Given that astronauts on the International Space Station needs regular resupply of “freeze-dried cuisine,” will their ability to successfully grow their own food allow them to better explore space?
By: Ringo Bones
One primary setback of our inability to be better space explorers is out inability to grow our own food in our current self-contained space habitats, hopefully this will all change once a British astronaut’s scientific experiments display promising results. When British astronaut Tim Peake’s request for British schoolchildren to help him with one of his scientific experiments got press coverage back in January 29, 2016 could not only rekindle school kids’ interest in science around the world but has the potential to solve one of the most intransigent logistical problems faced by astronauts on the International Space Station. Astronaut Tim Peake wants UK pupils to plant rocket seeds – also known as Eruca sativa, an annual plant that is also edible – using seeds that have been in orbit with him and compare their growth with rocket plant seeds that have stayed on Earth.
The study will help find ways to grow food in space which will be essential if humans want to successfully travel to distant planets. In his message, the European Space Agency (Esa) astronaut explains that he will be sending more than a million seeds back to Earth in a month’s time. These seeds had been exposed to the weightless conditions as long as he is in the International Space Station. Tim Peake says: “this experiment will aim to see if microgravity can affect the growth mechanism in seeds.” Which might as well, given that our current space-faring vehicles are not yet equipped with artificial gravity mechanisms that can effectively mimic planet Earth’s surface gravity.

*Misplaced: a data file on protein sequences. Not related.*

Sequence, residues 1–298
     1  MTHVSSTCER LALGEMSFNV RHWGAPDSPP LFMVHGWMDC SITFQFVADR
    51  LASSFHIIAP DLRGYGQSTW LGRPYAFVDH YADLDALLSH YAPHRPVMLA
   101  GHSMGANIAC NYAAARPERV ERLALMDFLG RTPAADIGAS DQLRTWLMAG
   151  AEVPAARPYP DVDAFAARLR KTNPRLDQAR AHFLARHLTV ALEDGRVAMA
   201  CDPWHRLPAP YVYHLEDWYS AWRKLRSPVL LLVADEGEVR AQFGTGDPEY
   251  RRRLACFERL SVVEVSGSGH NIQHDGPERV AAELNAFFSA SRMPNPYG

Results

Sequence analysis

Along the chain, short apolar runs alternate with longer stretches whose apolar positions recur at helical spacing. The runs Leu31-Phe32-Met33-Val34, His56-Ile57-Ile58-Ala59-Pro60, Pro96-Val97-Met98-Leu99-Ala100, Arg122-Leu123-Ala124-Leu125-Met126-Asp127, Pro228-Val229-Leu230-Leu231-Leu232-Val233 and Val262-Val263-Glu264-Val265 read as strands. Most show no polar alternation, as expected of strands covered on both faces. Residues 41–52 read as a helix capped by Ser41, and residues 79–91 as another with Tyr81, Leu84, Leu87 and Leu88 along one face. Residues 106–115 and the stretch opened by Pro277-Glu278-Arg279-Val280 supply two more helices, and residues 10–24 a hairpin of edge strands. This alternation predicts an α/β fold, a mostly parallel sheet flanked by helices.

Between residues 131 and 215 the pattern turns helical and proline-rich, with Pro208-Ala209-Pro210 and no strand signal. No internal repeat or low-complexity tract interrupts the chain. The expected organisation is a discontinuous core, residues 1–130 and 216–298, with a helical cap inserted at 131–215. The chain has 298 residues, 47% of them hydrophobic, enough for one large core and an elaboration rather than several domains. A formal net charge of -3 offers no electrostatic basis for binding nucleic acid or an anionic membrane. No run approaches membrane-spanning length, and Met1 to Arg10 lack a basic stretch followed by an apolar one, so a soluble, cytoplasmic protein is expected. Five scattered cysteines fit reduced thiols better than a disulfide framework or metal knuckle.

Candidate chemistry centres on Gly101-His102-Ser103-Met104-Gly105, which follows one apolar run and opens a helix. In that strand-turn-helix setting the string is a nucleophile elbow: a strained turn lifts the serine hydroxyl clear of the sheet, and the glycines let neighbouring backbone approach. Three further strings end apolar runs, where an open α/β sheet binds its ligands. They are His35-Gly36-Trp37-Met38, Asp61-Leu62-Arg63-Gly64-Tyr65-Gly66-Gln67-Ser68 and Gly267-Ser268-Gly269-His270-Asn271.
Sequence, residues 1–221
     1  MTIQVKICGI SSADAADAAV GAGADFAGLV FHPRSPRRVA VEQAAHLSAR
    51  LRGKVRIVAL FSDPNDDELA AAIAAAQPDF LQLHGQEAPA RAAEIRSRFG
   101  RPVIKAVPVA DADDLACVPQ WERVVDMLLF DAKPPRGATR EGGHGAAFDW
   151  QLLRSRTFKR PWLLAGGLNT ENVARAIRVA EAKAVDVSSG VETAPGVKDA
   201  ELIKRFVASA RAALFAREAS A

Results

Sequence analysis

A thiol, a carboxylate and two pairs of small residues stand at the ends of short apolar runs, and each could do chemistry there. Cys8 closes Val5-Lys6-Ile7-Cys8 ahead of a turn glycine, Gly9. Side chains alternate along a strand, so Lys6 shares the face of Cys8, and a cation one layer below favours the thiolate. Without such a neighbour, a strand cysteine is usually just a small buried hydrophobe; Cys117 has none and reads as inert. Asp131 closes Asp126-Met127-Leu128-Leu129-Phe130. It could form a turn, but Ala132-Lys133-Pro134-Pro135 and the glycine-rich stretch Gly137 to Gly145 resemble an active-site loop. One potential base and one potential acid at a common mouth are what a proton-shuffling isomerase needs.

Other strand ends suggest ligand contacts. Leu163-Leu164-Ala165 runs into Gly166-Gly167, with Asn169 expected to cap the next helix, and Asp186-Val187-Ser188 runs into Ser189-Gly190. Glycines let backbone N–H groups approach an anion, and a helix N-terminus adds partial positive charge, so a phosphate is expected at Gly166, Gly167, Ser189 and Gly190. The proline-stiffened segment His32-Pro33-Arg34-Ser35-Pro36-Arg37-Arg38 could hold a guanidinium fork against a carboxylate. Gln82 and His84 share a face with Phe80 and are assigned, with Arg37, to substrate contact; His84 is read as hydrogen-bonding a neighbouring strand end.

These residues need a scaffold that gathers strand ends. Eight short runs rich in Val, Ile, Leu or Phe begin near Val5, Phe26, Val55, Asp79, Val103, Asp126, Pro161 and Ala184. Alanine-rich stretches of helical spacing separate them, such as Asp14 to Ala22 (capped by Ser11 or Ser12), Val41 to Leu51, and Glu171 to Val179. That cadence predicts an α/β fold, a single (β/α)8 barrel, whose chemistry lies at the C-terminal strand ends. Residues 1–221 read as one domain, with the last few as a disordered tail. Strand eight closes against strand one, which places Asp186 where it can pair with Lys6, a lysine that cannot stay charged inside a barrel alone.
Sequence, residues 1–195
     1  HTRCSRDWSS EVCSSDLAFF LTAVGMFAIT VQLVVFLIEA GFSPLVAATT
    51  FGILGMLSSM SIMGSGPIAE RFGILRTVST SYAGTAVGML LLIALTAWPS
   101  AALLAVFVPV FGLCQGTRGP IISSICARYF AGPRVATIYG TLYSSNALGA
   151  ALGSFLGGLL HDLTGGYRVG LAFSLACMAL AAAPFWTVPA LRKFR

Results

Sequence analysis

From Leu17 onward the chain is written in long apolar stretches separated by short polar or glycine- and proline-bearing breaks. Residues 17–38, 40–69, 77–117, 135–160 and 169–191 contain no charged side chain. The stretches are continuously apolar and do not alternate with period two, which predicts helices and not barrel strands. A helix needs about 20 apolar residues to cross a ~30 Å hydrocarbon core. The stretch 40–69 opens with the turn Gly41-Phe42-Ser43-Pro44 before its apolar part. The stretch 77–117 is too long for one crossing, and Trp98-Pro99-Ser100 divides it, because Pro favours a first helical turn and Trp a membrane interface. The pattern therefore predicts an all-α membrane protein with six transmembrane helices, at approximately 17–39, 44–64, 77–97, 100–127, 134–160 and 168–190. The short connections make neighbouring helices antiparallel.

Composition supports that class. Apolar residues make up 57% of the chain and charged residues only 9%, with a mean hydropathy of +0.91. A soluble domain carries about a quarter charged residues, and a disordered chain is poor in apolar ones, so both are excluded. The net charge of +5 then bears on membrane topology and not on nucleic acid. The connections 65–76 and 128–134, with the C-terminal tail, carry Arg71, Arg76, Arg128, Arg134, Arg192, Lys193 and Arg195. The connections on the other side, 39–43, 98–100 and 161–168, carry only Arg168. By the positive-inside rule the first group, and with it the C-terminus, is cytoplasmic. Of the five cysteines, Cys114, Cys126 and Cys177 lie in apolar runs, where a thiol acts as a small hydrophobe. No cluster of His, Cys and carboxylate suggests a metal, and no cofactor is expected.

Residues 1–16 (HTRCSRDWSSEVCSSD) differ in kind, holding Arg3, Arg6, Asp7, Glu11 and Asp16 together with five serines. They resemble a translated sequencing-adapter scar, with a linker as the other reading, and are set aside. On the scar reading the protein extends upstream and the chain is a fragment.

The project is being run by the Royal Horticultural Society and the UK Space Agency. The seeds will be distributed to up to 10,000 schools. Pupils will compare the growth of weightlessness exposed “space seeds” with others that have remained on Earth – which will be designated as the control. This comparison has never been made on this scale, according to Dr. Alistair Griffiths, the scientific director of the Royal Horticultural Society. Even though astronaut Tim Peake and the Royal Horticultural Society’s “space seed experiment” may seem the first ever to most people, the United States’ NASA did a similar experiment back in the 1980s.
Then popularly referred to as “The Great Tomato Seed Experiment” back in 1984, NASA launched the Long Duration Exposure Facility (LDEF) aboard the Space Shuttle. LDEF carried 57 experiments, including one specifically designed to be performed by American students. It was then known as the Space Exposure Experiment Developed for Students – or SEEDS – consists of 12.5 million Rutgers tomato seeds that remained in space for almost six years. The LDEF, together with the 12.5 million tomato seeds were later returned to Earth aboard the Space Shuttle Columbia during mission STS-32. Back then over 40,000 educators with 4 million students in 150,000 classrooms across the United States participated in growing the tomato seeds carried aboard the LDEF after being exposed to weightless conditions – and increased cosmic radiation – for almost six years.